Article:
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I've seen various questions regarding if mixins can be created in C# and they are often directed to the re-mix project on codeplex. However, I don't know if I like the "complete interface" concept. Ideally, I would extend a class like so:

    [Taggable]
    public class MyClass
    {
       ....
    }

By simply adding the Taggable interface, I can create objects of type MyClass via some kind of object factory. The returned instance would have all the members defined in MyClass as well as all members provided by adding the tagging attribute (like a collection of tags). It seems like this would be easily doable using C# 4.0 (the dynamic keyword). The re-mix project uses C# 3.5. Does anyone have any good ways to extend objects via C# 4.0 without altering the classes themselves? Thanks.

share|improve this question
    
Partial classes perhaps? Extension methods? –  George Johnston Jul 11 '11 at 0:30
    
By using extension methods, I'd be writing more explicit code that marries MyClass to my tagging-related code (in addition to the taggable attribute of course). I'd like to do this without explicitly marrying the two. –  ActionJackson Jul 11 '11 at 0:46

3 Answers 3

You can create mixin-like constructs in C# 4.0 without using dynamic, with extension methods on interfaces and the ConditionalWeakTable class to store state. Take a look here for the idea.

Here's an example:

public interface MNamed { 
  // required members go here
}
public static class MNamedCode {
  // provided methods go here, as extension methods to MNamed

  // to maintain state:
  private class State { 
    // public fields or properties for the desired state
    public string Name;
  }
  private static readonly ConditionalWeakTable<MNamed, State>
    _stateTable = new ConditionalWeakTable<MNamed, State>();

  // to access the state:
  public static string GetName(this MNamed self) {
    return _stateTable.GetOrCreateValue(self).Name;
  }
  public static void SetName(this MNamed self, string value) {
    _stateTable.GetOrCreateValue(self).Name = value;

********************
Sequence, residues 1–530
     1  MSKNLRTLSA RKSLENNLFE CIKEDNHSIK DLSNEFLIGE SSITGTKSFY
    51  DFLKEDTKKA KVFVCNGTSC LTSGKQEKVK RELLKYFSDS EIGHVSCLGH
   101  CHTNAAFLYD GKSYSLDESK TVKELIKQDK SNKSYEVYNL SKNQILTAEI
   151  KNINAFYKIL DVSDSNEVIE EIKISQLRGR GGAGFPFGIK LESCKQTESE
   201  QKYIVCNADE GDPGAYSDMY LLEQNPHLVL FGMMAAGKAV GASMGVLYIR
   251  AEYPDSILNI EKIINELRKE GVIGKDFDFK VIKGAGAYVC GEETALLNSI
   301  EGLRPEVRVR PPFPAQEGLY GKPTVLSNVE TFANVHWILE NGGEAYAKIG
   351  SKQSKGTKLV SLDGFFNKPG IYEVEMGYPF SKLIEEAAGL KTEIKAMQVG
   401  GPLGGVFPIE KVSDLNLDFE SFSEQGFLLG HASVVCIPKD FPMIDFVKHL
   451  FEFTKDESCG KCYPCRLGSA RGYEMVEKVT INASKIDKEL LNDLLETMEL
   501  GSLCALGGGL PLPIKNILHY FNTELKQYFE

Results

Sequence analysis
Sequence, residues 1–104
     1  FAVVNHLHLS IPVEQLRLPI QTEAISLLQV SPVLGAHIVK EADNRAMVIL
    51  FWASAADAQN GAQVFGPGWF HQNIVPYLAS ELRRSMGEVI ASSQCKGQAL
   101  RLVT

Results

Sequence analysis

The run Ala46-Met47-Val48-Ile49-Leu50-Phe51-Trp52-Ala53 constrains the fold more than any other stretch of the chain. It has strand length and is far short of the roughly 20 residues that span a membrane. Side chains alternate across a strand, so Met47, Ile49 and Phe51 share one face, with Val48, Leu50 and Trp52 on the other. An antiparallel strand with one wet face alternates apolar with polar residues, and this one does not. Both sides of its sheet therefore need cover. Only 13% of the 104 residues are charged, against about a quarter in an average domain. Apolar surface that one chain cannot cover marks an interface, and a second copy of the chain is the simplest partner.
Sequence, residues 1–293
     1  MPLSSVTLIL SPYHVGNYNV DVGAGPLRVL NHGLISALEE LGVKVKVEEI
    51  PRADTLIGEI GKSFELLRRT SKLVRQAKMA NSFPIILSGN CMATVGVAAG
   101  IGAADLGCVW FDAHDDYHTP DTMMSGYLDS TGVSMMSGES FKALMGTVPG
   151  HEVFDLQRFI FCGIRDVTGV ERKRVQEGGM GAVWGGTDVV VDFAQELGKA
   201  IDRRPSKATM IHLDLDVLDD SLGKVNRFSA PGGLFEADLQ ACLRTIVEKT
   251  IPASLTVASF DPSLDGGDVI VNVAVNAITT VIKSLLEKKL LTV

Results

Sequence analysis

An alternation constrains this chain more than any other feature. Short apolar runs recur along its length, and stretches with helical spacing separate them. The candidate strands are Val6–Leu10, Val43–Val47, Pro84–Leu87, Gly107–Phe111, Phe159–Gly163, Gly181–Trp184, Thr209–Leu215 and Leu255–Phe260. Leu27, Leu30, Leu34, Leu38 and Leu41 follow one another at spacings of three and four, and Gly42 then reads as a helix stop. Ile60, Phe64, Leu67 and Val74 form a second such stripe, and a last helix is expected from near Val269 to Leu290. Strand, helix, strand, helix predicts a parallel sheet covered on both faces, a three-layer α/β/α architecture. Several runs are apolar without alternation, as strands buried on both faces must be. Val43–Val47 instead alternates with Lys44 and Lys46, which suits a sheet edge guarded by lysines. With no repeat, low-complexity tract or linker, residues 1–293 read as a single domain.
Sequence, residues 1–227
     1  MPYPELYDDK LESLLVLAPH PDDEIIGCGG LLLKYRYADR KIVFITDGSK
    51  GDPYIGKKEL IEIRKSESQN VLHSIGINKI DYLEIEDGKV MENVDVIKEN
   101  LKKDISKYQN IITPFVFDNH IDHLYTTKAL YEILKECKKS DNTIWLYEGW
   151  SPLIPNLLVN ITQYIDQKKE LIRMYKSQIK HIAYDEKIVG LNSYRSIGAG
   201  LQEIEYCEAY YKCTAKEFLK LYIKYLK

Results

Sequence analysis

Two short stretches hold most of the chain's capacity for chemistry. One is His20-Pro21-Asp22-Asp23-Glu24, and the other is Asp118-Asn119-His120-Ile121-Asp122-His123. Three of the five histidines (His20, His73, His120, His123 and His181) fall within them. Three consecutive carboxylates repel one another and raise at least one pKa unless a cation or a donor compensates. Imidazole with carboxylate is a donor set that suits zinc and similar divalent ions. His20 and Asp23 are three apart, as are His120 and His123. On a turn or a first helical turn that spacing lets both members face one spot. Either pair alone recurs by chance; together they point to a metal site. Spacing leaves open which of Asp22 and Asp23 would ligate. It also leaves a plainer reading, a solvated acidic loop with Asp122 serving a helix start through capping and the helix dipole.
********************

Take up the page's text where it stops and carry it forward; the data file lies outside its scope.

}
}

Use it like this:

class Order : MNamed { // you can list other mixins here...
  ...
}

...

var o = new Order();
o.SetName("My awesome order");

...

var name = o.GetName();

Alternatively, if you want to take a look at a post-compiler that provides something similar, take a look at NRoles.

The problem of using an attribute is that you can't flow generic parameters from the class to the mixin. You can do this with marker interfaces.

share|improve this answer
5  
Holy crap this is awesome. How does it have so few votes? A language without multiple inheritance makes writing mixins so hard. This is a big drawback of .NET languages and Java. Very nice blog post! –  kevinarpe Nov 4 '12 at 10:53

You can create a DynamicObject that forwards the calls it receives to a list of targets, in a chain of responsibility style (note that polymorphic dispatch also works like this - from the most derived class upwards):

public class Composition : DynamicObject {
  private List<object> targets = new List<object>();

  public Composition(params object[] targets) {
    AddTargets(targets);
  }

  protected void AddTargets(IEnumerable<object> targets) {
    this.targets.AddRange(targets);
  }

  public override bool TryInvokeMember(
        InvokeMemberBinder binder, object[] args, out object result) {
    foreach (var target in targets) {
      var methods = target.GetType().GetMethods();
      var targetMethod = methods.FirstOrDefault(m =>